John Gardiner & Tony Hickey, CET University of Sydney
Rubric Reiterations

By constructively aligning course content with assessment and marking rubrics, direct-entry course developers are more likely to achieve their goals. This session presents the considerations and challenges when developing a test rubric and some ways to address these challenges. Through several editing, feedback and benchmarking processes at the Centre for English Teaching (CET), the marking rubric for the Direct Entry Course (DEC) assessment tasks have been created and modified. These processes include both internal and external validity to maintain high marker reliability and to reconcile any discrepancies. The criteria and design elements of the rubric were designed to be consistent from one assessment task to another. However, as issues such as curriculum design, assessment changes and university entry requirements changed, adjusting the rubric became increasingly problematic. Attempts to address these dilemmas and the importance of considering feedback from several stakeholder perspectives will be discussed in this presentation. One solution, for instance, was to give more agency to students by linking writing achievement with calibration accuracy (MacArthur & Philippakos 2013; Valdez, 2013). Also, feedback from the analysis of external bench markers added to the complex considerations in the rubric development. The final product is the result of all these reiterations and considerations. The implications of rubric format, wording, scaling and design choices are rarely discussed in the literature, but these elements could have significant impacts on the markers and students. Furthermore, the validity implications of course content, assessment and rubric alignment are relevant for all stakeholders in direct entry university courses.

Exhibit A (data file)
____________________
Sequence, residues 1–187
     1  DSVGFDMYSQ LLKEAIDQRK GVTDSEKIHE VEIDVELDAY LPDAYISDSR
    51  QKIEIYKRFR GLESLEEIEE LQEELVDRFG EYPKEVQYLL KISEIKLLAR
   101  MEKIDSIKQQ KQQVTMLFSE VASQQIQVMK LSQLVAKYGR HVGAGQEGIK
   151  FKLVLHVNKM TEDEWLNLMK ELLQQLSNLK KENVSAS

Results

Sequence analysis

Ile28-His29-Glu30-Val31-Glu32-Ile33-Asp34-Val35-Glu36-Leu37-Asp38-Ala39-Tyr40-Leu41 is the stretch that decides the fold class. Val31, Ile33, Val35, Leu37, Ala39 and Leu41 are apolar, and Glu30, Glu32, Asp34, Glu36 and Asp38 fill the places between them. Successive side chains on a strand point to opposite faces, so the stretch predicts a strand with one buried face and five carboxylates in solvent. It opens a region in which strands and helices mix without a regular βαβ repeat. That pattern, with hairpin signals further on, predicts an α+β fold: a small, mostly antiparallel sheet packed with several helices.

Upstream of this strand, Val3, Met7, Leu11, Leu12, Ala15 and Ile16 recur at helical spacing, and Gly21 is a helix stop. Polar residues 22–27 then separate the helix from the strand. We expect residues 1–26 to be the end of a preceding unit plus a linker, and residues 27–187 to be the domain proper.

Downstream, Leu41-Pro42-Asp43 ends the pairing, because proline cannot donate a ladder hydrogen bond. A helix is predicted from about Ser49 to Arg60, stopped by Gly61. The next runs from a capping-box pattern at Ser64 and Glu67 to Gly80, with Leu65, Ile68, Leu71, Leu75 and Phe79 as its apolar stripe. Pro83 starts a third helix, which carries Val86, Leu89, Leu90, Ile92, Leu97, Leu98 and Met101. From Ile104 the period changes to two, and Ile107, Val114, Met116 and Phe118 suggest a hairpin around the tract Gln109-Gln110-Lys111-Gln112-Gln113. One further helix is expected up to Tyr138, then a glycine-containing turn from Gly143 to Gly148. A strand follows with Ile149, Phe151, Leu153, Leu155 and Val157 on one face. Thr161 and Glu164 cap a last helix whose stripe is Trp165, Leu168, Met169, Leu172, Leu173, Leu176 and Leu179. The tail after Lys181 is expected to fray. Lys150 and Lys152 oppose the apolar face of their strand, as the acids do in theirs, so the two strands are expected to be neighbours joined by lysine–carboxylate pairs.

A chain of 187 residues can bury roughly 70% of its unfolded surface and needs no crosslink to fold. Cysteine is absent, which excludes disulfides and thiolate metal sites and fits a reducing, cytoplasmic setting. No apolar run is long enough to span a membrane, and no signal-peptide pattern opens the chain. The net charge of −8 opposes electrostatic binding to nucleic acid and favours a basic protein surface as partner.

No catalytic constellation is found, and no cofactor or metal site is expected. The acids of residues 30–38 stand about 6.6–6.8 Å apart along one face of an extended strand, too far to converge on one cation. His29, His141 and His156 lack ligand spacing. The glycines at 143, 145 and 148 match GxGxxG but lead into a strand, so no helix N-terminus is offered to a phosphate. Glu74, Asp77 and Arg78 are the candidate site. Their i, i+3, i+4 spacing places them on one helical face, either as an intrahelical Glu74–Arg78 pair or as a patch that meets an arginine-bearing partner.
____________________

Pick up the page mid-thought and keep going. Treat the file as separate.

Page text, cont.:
John Gardiner is a teacher at the Centre for English Teaching (CET), University of Sydney, Australia. He has extensive teaching and curriculum development experience on direct entry post-graduate EAP programs. As a member of the Assessment Working Group at CET, he has developed tests and rubrics for high-stakes direct-entry programs. His published research on the test-taking experience of students as well as other relevant publications have provided a foundation for the development of his course material. John has presented at overseas and Australian ESL and testing conferences. His research interests include language testing, action research, curriculum design, and course development.

Tony Hickey has worked in EFL in Sydney for over 20 years. He manages the direct entry courses at the University of Sydney Centre for English Teaching with a focus on assessment practices. He coordinates the Centre’s assessment working group on assessment design, standardisation and moderation